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Waspie_Dwarf

Space Station is 15 Years Old

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15 Year Old Station Hosts 38th Crew Working Science to Benefit Humanity

The International Space Station turned 15 years old Wednesday. Zarya, the first space station module, was launched aboard a Russian Proton rocket and placed into orbit on Nov. 20, 1998.

Two years later the first crew would occupy the station which consisted of just three modules including Russia’s Zvezda service module and the United States’ Unity node.

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Celebrating 15 Years Since the Sunrise

Nov. 20, 1998, was a day to mark in history. The Russian Space Agency , now known as Roscosmos, launched a Proton rocket that lifted the pressurized module called Zarya, or "sunrise" into orbit. This launch would truly be the dawn of the largest international cooperation effort in space to ever come to light.

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Edited by Waspie_Dwarf
typo.

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15 Years of Space Station Facilities Advance Microgravity Research Capabilities

From the first space station module, named Zarya, placed in orbit on November 20, 1998 to 2011’s construction completion, the facilities of the International Space Station provide powerful, safe and efficient laboratory capabilities for the more than 1,502 research investigations conducted to date on the orbiting laboratory. The space station provides a microgravity environment for researchers to conduct experiments in biology and biotechnology, human research, Earth and space science, physical science, and technology demonstrations, among a multitude of others, in what was only an engineering schematic just 15 years ago.

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Space Station Live: Commemorating 15 Years on Orbit

Public Affairs Officer Dan Huot talks to Mike Lammers, International Space Station flight director, about his experience at the beginning of the space station assembly era in 1998. Lammers built shuttle and station simulators during this period and also trained the first space shuttle crew, STS-88, to deliver a space station element.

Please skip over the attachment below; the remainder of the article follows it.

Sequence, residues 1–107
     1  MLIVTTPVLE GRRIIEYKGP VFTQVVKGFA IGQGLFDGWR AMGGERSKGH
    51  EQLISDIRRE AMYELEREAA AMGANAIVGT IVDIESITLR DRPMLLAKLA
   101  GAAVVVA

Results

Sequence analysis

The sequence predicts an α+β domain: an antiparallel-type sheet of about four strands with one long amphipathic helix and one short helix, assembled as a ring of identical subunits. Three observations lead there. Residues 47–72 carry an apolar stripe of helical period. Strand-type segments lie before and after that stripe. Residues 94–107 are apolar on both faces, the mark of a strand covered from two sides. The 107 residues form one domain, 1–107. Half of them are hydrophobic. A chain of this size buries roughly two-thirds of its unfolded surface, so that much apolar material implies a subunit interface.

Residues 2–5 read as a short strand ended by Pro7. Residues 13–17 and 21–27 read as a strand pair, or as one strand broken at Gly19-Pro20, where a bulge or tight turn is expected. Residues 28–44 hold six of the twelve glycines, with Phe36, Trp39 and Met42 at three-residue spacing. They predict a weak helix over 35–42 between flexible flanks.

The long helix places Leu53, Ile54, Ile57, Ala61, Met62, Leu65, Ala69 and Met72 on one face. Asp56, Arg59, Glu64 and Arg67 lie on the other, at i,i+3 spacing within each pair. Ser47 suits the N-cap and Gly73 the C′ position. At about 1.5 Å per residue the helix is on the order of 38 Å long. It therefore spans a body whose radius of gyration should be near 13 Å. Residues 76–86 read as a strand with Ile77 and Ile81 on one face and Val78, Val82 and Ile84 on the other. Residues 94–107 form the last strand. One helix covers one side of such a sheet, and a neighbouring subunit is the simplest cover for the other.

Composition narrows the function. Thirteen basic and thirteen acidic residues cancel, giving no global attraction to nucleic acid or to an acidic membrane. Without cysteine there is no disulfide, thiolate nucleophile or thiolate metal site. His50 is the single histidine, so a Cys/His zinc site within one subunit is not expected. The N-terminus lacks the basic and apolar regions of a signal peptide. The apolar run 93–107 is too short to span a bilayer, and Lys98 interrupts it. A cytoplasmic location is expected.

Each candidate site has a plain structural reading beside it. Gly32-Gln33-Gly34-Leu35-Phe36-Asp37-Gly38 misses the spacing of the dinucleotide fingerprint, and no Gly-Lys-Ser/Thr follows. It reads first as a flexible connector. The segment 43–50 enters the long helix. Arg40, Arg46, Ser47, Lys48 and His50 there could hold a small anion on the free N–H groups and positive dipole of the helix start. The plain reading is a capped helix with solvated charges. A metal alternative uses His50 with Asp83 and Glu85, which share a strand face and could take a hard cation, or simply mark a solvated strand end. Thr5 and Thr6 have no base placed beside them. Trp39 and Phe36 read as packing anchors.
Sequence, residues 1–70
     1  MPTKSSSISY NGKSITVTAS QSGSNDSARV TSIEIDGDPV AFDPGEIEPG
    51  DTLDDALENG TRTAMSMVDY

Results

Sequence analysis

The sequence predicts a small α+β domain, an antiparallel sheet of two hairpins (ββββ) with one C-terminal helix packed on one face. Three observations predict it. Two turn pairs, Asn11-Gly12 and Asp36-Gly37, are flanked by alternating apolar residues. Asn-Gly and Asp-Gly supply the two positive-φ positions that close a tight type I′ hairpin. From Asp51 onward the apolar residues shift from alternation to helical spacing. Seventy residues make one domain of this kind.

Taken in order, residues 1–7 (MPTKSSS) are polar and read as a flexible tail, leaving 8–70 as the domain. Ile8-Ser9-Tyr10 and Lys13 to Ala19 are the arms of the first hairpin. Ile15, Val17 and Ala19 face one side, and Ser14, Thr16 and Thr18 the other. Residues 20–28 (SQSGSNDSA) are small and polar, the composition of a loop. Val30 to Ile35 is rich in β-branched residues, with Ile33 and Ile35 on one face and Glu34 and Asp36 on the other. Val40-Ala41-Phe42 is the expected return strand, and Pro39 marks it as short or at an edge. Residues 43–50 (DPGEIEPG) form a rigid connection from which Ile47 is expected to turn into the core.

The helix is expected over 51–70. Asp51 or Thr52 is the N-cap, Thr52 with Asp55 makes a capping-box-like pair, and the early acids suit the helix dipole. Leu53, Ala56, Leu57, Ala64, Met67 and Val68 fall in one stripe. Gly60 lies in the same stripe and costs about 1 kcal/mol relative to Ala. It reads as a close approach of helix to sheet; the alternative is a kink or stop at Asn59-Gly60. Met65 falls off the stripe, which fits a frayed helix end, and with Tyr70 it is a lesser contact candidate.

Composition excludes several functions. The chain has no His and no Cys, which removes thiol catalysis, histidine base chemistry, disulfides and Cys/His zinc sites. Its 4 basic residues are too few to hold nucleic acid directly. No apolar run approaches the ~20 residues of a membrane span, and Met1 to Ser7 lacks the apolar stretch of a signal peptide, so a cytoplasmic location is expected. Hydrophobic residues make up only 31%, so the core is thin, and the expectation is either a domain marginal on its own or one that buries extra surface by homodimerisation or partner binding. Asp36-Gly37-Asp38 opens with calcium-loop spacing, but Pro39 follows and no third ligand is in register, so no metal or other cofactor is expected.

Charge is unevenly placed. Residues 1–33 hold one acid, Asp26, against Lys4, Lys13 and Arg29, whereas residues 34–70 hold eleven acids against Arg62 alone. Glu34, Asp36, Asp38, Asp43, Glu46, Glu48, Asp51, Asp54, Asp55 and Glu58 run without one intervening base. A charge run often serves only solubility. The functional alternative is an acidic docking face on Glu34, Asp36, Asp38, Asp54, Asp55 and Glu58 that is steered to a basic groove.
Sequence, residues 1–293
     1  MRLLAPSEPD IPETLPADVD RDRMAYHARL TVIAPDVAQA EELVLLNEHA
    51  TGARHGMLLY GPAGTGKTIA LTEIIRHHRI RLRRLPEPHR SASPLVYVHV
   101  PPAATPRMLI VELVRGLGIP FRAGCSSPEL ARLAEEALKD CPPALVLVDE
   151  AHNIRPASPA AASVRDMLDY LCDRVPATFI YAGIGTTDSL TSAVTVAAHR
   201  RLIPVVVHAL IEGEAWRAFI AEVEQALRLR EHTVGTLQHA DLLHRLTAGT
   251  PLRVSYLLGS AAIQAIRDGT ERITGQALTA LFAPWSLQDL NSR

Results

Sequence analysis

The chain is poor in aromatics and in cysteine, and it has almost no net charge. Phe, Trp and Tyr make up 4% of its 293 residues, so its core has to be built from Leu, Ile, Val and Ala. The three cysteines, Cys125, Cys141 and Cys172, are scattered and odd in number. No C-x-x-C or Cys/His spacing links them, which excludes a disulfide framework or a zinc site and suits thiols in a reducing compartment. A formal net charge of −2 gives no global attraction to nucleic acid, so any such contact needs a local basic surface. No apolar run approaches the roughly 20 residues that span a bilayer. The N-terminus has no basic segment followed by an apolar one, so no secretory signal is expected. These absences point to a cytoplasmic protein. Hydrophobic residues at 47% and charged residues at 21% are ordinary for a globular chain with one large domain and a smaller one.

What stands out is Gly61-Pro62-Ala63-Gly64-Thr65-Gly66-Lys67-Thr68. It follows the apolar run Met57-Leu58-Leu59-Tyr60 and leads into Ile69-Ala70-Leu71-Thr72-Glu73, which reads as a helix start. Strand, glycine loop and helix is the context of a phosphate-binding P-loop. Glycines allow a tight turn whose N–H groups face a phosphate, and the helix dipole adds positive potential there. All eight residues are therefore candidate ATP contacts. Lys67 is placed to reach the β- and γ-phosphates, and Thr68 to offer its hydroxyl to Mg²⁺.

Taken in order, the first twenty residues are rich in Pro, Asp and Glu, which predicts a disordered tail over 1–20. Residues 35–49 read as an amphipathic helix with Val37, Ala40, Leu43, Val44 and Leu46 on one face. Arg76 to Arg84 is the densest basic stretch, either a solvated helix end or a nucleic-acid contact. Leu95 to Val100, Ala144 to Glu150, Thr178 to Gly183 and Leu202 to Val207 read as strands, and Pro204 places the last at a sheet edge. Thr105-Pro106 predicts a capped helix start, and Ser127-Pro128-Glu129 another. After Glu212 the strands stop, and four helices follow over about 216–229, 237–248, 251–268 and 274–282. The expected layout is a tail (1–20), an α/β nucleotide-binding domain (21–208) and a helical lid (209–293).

The first space station module in orbit was Russia's Zarya cargo module launched aboard a Proton rocket on Nov. 20, 1998. The second module was the United States' Unity node launched Dec. 4, 1998, aboard space shuttle Endeavour on the STS-88 mission.

Credit: NASA

Source: NASA - Multimedia

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Space Station Crew Pays Tribute to ISS on 15th Anniversary

Aboard the International Space Station, Expedition 38 Commander Oleg Kotov and his crewmates, NASA's Michael Hopkins and Rick Mastracchio, Koichi Wakata of the Japan Aerospace Exploration Agency and cosmonauts Sergey Ryazanskiy and Mikhail Tyurin of the Russian Federal Space Agency paid tribute to the Nov. 20, 1998 launching of Zarya, the first component of the complex. The space station has grown into a world-class research laboratory, is the size of a football field and has a mass of almost a million pounds.

Credit: NASA

Source: NASA - Multimedia

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What is the actual life of the station ? Didnt it have a twenty year life? :tu:

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What is the actual life of the station ? Didnt it have a twenty year life? :tu:

I believe it is planned to keep it operational until at least 2020. The Russian (who have far more experience of space stations than anyone else) believe that a 30 year life time is possible.

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The International Space Station 15th Anniversary Music Video

In celebration of the 15th anniversary of the Nov. 20, 1998 launch of Zarya, the first component of the International Space Station, this music video includes external and internal footage from various stages of construction of the complex.

Credit: NASA

Source: NASA - Multimedia

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International Space Station at 15: First Construction

Space shuttle Endeavour flew the first construction mission for the International Space Station in December 1998, with Bob Cabana in command. Carrying the Unity node, Endeavour and its crew of astronauts and cosmonaut Sergei Krikalev rendezvoused with the Russian-made Zarya module in orbit and connected the two together to form the cornerstone of a structure that would grow to dwarf all other spacecraft and space stations. Fifteen years later, the orbiting laboratory has hosted dozens of astronauts and cosmonauts from all over the world to fulfill its mission of providing a permanent human presence in obit.

Credit: NASA's Kennedy Space Center

Source: NASA/Kennedy - Multimedia

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I wish we could get a few more dollars to expand the size a little more. Get some of those Bigalow attachment on it .

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I wish we could get a few more dollars to expand the size a little more. Get some of those Bigalow attachment on it .

The size is going to be increased, there are more Russian modules to come.

Also a Bigelow module is going to be attached in 2015 (see HERE).

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